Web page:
Tuesday, April 11, 2006

And "floopy" makes it a million and one?

Have I mentioned how much I love the Good Word feature at Slate?

The latest is from Jesse Sheidlower, editor at large of the OED. He talks about the Global Language Monitor's silly prediction that the English language is about to add its millionth word.

I wrote in February about how the group's president, Paul Payack, was counting shorthand from texting (I CN for I can) and slang (drinktea and fundoo). There's no word on whether floopy is included.

Sheidlower talks about the difficulty in developing criteria.
Dictionaries include great-grandfather but not great-great-great-great-great-great-grandfather, which is real enough to get over 3,500 Google hits. Only the most basic numbers are typically included; Merriam-Webster, for example, includes twenty-one and twenty-two, but not twenty-three or thirty-one. In fact, if you were to count every number between 0 and 999,999 as a word, you'd have a cool million right there -- ?and still have the rest of the English language to account for.
The millionth-word claim is bogus, but news orgs are still running stories about it.

So be on the lookout in the next few months. Global Language Monitor predicts that the millionth word will be added around June. (As of March 21, there were 988,968 words, it said.) The group may have an algorithm helping it determine when that point comes, but that doesn't make the number any more accurate.


At 7:15 AM, April 12, 2006, Anonymous Anonymous said...

I was going to add something smart, but then realized the computer generated a new word for verification purposes underneath this message.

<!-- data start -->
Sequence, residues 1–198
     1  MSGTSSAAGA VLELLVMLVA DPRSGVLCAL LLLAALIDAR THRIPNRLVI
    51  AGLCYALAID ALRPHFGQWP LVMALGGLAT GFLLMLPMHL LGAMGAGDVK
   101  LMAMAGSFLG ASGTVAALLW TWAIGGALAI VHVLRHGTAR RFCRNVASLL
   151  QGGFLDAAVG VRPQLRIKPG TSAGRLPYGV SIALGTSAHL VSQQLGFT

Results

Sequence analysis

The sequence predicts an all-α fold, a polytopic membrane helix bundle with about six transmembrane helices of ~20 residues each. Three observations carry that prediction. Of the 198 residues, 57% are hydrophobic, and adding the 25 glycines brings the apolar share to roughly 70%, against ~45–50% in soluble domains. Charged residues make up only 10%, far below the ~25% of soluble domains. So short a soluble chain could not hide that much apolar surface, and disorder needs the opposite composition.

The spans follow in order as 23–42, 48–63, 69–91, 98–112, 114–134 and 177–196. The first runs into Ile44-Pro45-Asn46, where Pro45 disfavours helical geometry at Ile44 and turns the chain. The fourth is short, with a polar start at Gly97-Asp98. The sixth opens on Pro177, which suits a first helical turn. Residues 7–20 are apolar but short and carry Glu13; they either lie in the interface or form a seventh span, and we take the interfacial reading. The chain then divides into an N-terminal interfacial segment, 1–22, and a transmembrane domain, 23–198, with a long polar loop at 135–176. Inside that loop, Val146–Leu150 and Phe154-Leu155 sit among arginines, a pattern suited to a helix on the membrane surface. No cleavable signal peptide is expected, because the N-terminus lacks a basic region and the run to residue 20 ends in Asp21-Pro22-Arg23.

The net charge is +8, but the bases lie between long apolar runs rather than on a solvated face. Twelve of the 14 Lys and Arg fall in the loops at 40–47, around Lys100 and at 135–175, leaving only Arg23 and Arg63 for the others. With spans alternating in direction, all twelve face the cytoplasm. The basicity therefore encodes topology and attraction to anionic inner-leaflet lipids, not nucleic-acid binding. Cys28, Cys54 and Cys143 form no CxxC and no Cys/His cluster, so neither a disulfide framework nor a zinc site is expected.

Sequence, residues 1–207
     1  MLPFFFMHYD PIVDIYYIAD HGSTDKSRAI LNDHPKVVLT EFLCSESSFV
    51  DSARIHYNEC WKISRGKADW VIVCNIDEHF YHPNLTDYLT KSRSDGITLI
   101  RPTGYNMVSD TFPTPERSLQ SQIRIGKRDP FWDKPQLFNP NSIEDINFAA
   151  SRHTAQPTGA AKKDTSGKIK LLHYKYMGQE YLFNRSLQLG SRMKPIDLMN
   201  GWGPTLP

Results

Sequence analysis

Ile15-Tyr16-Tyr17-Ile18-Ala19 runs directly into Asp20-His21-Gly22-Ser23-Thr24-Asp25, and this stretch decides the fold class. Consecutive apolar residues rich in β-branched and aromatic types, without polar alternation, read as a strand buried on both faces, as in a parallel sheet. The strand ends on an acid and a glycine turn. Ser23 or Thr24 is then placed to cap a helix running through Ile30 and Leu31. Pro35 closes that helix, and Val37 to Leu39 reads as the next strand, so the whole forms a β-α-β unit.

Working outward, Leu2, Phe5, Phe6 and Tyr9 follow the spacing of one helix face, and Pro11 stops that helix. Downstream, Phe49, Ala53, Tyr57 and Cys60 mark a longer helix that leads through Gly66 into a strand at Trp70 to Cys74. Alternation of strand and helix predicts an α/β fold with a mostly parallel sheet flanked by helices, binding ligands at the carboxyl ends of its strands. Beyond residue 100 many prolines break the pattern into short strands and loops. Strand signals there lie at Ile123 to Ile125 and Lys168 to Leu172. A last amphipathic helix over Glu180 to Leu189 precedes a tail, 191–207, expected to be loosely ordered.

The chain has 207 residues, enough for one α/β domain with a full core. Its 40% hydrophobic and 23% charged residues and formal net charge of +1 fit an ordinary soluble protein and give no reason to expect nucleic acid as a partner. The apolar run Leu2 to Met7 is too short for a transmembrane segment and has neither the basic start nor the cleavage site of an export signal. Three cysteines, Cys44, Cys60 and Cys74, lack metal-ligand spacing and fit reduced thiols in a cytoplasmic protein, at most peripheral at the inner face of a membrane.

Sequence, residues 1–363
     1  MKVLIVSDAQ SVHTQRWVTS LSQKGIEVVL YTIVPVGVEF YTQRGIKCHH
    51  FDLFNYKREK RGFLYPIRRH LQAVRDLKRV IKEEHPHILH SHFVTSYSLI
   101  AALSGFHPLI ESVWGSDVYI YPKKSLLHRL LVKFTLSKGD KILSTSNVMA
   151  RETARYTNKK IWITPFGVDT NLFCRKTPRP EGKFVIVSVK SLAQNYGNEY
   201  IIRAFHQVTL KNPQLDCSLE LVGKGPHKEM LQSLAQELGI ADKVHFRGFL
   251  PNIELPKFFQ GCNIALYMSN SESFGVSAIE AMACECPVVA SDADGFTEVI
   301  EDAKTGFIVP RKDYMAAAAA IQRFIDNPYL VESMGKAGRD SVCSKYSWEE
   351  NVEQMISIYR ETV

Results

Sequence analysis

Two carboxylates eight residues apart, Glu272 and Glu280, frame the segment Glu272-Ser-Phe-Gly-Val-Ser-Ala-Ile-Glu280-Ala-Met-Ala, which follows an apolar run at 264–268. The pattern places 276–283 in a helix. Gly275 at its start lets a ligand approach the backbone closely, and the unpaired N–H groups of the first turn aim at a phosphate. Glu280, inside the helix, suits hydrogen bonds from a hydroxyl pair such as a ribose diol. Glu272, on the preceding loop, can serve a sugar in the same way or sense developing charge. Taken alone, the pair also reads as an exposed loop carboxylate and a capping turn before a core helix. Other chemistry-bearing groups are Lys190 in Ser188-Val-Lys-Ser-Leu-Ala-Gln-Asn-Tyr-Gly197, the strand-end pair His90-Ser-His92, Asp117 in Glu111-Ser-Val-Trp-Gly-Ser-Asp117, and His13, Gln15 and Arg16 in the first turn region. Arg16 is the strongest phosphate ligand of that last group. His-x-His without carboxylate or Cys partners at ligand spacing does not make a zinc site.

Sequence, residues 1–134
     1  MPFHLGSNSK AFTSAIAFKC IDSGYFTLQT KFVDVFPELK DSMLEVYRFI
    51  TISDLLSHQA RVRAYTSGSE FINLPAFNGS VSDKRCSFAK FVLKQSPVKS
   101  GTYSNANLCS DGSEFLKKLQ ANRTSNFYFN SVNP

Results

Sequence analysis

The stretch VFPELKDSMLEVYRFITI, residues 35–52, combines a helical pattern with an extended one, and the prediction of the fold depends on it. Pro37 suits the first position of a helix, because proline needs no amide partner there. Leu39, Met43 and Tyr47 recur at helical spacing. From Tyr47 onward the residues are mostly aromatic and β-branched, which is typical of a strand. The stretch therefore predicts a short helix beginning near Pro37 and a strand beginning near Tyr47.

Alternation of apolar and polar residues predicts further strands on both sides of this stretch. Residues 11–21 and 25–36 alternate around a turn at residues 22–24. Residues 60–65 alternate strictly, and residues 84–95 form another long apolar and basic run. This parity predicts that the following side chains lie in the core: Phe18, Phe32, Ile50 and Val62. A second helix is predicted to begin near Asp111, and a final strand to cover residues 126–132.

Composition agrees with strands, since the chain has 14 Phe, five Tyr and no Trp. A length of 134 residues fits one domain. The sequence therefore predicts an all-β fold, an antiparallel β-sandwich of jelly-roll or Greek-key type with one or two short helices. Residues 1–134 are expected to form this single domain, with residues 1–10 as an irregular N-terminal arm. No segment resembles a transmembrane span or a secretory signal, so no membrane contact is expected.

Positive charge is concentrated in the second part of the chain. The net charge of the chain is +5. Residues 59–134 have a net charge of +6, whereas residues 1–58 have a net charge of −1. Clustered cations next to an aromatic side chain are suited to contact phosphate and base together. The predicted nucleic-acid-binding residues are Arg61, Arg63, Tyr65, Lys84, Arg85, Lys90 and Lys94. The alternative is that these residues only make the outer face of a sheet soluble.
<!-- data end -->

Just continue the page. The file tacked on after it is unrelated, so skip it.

axwfqia: to verify one's identity when posting a reply on a bog. See also adsfag, weqild, cnaasd.
We'll be at two million in no time.

At 11:12 PM, April 12, 2006, Blogger Fiddler said...

"Word," Sister Nicole. Thanks for the heads-up.


At 2:37 AM, April 13, 2006, Blogger Nicole said...

Geoff Nunberg says at Language Log that he'll have a Fresh Air piece on the matter in a couple of weeks.

At 1:58 PM, April 13, 2006, Anonymous Anonymous said...

Actually, all are invited to visit the www.languagemonitor.com site to see that the word count is an estimate and 'a starting point' or thought starter. (Check the Number of Words page.) The debate seems to be that since no one can say exactly what is a word, no one should ever attempt to do same ... even the attempt to define criteria deerves ridicule. We define 'word' by the old Anglo-Saxon meaning of 'a thing spoken'. If you can think, say it and use it to communicate it -- it is a word. Should every word count? No. But those that persist in expanding contexts deserve to be counted.


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